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Olympics Buzz: American pair skate for Florida shooting victims despite IOC's ban on demonstrations

Olympics Buzz: American pair skate for Florida shooting victims despite IOC's ban on demonstrations
Alexa Scimeca Knierim and Chris Knierim of the United States perform in the pairs free final on Thursday at the Gangneung Ice Arena at the 2018 Winter Olympics. (Julie Jacobson / Associated Press)

This is your daily infusion of information and news that you might have missed. The really big stuff you'll find in other stories.

The husband-and-wife figure skating pairs team of Alexa Scimeca Knierim and Chris Knierim finished 15th on Wednesday, although they won't go home empty-handed being part of the bronze-medal U.S. squad in the team event.

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But they stepped up on an invisible platform of humanity on Thursday while discussing their performance.

"We wanted to skate for the 17 children that died in the Florida shooting," Alexa said. "Today was about much more than us. … Our motivation was to skate for those who were lost today."

They were the first pair to successfully land a quadruple twist in Olympic competition.

But could such a heartfelt and caring proclamation land them on double-secret probation from the International Olympic Committee?

The IOC has this rule that says no "kind of demonstration or political, religious or racial propaganda is permitted in any Olympic sites, venues or other areas."

Despite the suspension of the U.S. Constitution's 1st Amendment rights on a world stage, it's not all that unreasonable.

However, before the men's downhill on Thursday the IOC told French skiers that they couldn't wear a tiny sticker on their helmets to honor David Poisson, who was killed in a skiing accident in November.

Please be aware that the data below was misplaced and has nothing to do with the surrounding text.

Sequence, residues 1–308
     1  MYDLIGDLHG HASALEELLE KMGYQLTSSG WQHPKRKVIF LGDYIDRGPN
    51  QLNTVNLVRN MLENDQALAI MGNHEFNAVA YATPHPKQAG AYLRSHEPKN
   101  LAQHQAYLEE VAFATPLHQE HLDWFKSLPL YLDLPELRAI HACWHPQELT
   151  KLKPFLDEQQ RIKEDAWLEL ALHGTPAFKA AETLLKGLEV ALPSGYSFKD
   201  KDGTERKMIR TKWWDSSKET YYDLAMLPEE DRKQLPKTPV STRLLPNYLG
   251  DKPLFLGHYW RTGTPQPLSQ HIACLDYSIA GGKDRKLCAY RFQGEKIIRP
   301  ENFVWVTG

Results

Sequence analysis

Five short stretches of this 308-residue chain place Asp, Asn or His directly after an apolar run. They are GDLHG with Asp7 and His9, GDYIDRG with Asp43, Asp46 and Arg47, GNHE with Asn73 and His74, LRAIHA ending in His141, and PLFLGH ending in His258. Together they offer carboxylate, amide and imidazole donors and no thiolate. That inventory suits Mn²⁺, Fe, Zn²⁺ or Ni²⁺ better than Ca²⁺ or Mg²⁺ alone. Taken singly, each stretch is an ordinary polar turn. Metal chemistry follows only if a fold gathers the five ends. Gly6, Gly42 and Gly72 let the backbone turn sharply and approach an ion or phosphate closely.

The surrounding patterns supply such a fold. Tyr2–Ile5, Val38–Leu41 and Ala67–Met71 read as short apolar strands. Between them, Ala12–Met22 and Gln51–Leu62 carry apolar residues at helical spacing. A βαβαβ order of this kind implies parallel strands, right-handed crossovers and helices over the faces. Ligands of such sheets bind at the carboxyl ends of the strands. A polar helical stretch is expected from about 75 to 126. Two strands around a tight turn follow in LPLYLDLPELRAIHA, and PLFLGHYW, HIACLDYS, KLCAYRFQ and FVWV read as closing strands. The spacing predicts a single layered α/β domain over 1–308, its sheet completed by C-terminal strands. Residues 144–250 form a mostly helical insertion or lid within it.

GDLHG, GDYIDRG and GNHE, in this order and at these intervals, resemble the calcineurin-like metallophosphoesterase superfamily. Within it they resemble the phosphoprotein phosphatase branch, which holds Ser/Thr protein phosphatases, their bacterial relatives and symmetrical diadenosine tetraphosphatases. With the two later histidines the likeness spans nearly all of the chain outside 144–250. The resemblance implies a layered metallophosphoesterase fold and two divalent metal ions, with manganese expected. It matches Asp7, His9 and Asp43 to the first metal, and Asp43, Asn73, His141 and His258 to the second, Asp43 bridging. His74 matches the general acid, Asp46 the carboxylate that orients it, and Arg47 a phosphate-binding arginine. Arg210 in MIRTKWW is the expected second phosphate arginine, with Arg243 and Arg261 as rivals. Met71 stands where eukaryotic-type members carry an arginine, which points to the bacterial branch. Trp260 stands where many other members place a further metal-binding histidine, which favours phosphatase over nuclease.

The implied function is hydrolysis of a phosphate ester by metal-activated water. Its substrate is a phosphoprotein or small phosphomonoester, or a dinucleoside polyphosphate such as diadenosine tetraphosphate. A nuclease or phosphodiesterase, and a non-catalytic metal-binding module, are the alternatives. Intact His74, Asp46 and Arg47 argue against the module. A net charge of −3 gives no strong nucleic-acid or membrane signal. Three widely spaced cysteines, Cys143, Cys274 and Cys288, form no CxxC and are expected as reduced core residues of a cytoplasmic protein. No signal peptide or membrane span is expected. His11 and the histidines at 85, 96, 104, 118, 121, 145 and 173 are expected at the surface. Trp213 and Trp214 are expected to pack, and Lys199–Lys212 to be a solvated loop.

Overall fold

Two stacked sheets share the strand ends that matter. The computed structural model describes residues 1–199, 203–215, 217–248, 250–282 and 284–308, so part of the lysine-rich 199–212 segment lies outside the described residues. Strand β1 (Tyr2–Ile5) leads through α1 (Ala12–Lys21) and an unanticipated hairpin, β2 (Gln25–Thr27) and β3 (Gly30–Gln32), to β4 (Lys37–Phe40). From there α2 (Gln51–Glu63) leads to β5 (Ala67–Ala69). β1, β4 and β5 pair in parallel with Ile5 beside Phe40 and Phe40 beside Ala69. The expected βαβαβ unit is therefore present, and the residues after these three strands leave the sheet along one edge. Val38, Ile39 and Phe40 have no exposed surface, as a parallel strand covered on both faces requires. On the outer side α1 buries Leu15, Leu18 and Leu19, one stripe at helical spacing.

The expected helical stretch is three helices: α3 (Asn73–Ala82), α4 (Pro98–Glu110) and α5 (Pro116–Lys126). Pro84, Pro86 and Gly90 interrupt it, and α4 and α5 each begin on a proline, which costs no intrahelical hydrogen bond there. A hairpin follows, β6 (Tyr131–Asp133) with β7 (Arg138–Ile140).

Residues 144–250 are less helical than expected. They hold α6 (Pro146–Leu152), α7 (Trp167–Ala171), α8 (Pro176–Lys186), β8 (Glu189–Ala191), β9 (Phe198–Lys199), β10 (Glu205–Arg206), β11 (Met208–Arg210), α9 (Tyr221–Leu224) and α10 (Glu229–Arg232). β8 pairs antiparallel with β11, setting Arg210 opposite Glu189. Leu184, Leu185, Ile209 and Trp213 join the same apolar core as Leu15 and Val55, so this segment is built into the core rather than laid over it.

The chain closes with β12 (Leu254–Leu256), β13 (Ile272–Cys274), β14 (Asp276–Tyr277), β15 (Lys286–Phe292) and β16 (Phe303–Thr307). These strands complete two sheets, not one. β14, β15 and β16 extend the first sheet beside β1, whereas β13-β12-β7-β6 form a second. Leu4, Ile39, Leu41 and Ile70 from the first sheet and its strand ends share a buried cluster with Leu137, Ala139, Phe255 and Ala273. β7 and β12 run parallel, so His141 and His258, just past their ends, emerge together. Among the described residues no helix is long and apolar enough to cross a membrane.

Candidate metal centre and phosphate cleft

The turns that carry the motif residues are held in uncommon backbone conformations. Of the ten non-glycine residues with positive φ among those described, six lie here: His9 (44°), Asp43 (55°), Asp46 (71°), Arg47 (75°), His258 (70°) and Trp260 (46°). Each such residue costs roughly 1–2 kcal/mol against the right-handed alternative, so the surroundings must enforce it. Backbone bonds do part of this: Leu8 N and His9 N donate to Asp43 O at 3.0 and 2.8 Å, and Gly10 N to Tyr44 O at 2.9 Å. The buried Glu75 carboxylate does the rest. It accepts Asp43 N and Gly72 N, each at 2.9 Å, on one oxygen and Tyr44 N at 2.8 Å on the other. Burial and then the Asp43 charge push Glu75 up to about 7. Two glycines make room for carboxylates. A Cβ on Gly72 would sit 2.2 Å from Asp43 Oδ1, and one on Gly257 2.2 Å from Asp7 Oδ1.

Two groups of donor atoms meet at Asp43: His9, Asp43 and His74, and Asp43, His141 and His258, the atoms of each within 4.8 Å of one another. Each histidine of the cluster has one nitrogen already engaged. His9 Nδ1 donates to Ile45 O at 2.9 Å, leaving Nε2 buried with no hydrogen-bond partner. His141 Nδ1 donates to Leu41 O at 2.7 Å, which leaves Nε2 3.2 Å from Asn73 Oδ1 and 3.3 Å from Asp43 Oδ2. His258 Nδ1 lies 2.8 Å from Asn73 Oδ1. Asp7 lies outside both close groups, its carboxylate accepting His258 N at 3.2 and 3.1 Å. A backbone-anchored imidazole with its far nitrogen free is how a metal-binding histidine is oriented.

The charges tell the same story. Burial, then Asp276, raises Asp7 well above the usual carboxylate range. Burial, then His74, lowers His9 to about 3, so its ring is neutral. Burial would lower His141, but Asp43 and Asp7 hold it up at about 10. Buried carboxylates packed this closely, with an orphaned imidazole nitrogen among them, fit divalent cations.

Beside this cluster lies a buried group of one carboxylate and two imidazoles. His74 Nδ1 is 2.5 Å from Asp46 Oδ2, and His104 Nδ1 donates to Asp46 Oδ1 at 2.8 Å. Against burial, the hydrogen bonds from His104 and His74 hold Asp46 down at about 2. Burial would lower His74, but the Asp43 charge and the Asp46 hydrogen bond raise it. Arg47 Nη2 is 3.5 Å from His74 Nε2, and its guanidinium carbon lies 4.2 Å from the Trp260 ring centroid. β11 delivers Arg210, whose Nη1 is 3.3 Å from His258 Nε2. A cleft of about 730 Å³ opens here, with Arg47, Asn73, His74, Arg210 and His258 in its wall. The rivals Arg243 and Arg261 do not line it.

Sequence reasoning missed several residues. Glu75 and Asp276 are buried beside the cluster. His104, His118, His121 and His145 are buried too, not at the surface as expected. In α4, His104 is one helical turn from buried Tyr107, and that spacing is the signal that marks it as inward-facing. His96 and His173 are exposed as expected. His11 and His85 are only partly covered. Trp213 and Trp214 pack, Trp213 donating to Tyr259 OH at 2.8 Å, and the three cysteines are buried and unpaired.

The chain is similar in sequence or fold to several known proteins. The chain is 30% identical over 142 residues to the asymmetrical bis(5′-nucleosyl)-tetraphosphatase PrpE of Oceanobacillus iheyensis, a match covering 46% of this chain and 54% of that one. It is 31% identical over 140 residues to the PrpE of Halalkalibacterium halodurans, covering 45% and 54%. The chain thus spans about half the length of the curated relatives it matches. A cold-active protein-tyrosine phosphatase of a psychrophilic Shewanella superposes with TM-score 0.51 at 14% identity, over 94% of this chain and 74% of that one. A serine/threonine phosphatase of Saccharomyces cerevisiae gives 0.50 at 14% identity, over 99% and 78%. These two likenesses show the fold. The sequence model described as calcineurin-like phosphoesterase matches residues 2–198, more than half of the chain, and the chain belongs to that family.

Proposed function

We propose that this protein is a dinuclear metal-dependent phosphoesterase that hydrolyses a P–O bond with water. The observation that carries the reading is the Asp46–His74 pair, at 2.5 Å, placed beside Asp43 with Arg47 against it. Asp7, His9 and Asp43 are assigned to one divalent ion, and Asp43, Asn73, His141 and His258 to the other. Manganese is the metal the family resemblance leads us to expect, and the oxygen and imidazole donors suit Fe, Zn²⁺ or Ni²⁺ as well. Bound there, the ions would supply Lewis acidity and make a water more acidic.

What they wanted is to have a small picture of a fish head, a play on the French word for fish, which is "poisson." The French wore a heart with a "DP" in the center during the World Cup season.

One wonders whether it would have been OK if the stickers featured the official licensed fish head of the Olympics, with the appropriate price tag attached.

Interestingly, it is OK for Alex Rigsby and Nicole Hensley, goalies on the U.S. women's hockey team, to wear masks that contain an image of the Statue of Liberty on it.

The French plan to abide by the ruling and not risk disqualification.

The IOC hasn't offered up any clarity on why the U.S. symbol was OK, while the French one was not.

Fun fact: NBC, i.e. the United States, paid $963 million for the rights to broadcast these Games.

Change of plans

In light of the tragedy in South Florida, NBC switched up its emphasis on its morning moneymaker, the "Today" show. Previously about 80% of the airtime was about the Olympics, but on Thursday, the show devoted less than five minutes to the Games during the first hour. In the second hour, with no new information on the shooting, "Today" devoted about 10 minutes to competition and 17 minutes to travelogue-type stories.